New York — More than half of U.S. Catholics say they are very concerned about the persecution of Christians around the world, with this 58 percent figure up by 17 percent from a similar poll a year ago.
When asked to rank their concerns about global issues, respondents considered persecution of Christians as a slightly more important problem than climate change (57 percent), but less important than human trafficking (82 percent), poverty (74 percent) and the refugee crisis (60 percent).
U.S. Catholics were asked for their views on Christian persecution in a survey conducted by Aid to the Church in Need-USA, a pontifical foundation based in New York, and McLaughlin & Associates, a national survey research company. The nationwide poll of 1,000 Catholic adults was conducted online with survey invitations distributed randomly within predetermined geographic units.
Forty-six percent of respondents said the global persecution of Christians is "very severe," an increase of 16 percent compared to the 2018 poll. They ranked Iran as the country where Christians are most severely persecuted. Next were Iraq, Syria, China, North Korea, Pakistan and Saudi Arabia.
According to Aid to the Church in Need-USA, the survey aimed to measure how aware U.S. Catholics are of Christian persecution, the countries and regions where they consider Christians the most severely persecuted, and specific measures and policies they want the U.S. and other Western governments to pursue to combat it.
Respondents were also asked to what extent they feel Pope Francis, the U.S. bishops and their own parishes are making the issue of Christian persecution a priority and what actions they believe they can and should take themselves.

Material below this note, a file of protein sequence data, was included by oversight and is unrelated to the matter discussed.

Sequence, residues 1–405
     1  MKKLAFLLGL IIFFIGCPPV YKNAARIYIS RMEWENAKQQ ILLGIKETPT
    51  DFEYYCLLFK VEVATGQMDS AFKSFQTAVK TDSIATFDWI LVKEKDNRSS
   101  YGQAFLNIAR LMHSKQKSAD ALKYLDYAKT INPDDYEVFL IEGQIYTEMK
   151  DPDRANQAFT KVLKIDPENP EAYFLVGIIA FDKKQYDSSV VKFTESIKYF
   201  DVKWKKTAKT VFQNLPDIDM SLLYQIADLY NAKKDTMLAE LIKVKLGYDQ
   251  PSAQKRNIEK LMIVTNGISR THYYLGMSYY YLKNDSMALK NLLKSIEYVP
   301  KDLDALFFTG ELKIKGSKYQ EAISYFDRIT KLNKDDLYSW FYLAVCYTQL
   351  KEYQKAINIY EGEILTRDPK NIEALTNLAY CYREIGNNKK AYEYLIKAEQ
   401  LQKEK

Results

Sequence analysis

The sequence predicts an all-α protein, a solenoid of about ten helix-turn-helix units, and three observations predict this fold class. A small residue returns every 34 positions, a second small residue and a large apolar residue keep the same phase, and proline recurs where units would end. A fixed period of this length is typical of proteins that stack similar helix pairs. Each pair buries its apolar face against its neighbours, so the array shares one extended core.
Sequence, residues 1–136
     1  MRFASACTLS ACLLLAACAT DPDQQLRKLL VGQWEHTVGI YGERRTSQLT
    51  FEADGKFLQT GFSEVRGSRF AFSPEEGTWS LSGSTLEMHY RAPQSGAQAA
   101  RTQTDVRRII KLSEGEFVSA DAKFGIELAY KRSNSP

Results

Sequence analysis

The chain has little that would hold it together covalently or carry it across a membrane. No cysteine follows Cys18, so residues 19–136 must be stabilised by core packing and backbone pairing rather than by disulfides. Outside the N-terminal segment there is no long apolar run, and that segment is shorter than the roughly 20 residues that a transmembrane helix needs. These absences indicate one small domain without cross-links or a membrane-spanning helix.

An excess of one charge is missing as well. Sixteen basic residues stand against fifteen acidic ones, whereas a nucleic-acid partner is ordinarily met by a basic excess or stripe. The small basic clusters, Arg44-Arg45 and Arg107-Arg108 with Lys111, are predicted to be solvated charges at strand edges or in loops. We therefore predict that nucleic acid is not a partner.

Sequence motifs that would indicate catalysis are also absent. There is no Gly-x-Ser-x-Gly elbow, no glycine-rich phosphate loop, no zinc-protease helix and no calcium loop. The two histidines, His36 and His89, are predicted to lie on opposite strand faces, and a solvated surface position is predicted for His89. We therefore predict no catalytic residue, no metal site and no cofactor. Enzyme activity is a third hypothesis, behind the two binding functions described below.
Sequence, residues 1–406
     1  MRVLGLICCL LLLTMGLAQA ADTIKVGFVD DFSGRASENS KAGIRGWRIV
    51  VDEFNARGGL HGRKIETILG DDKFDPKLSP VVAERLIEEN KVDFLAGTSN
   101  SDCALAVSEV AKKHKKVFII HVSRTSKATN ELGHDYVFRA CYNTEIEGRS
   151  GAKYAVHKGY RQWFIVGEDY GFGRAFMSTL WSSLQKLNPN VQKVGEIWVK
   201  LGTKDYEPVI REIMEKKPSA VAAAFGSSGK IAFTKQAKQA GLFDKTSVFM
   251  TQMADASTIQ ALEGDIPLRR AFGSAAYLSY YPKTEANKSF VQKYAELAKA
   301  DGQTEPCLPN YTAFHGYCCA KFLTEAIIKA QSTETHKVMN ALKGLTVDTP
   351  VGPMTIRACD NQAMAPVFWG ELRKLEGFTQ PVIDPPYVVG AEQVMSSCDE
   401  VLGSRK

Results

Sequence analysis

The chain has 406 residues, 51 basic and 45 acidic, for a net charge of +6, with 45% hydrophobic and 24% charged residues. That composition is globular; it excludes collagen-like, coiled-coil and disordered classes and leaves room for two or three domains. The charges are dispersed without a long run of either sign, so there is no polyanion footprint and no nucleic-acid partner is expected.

While only 19 percent of respondents said their parish is very involved with the issue of global persecution of Christians, more than half (51 percent) said Francis is "very engaged" with the issue. Almost one in every four of U.S. Catholics said their bishop is very engaged in this, and 27 percent were unsure about their bishop's involvement.
Forty-one percent of U.S. Catholics consider it very important that Christian communities facing persecution be armed and given military training. However, respondents ranked other policy interventions, such as diplomatic pressure (61 percent), economic sanctions (56 percent) and emergency asylum (53 percent), as significantly more important.
Sixty percent of U.S. Catholics identified religion as a key cause of global conflict, though politics and ethnic tension were ranked as more important triggers.
More than 60 percent said the church should play a hands-on role in providing direct humanitarian aid to persecuted Christians.
When asked what they should do to help persecuted Christians around the world, the respondents ranked prayer highest, followed by raising awareness at the parish level, donating to agencies that work to support persecuted Christians and contacting their members of Congress.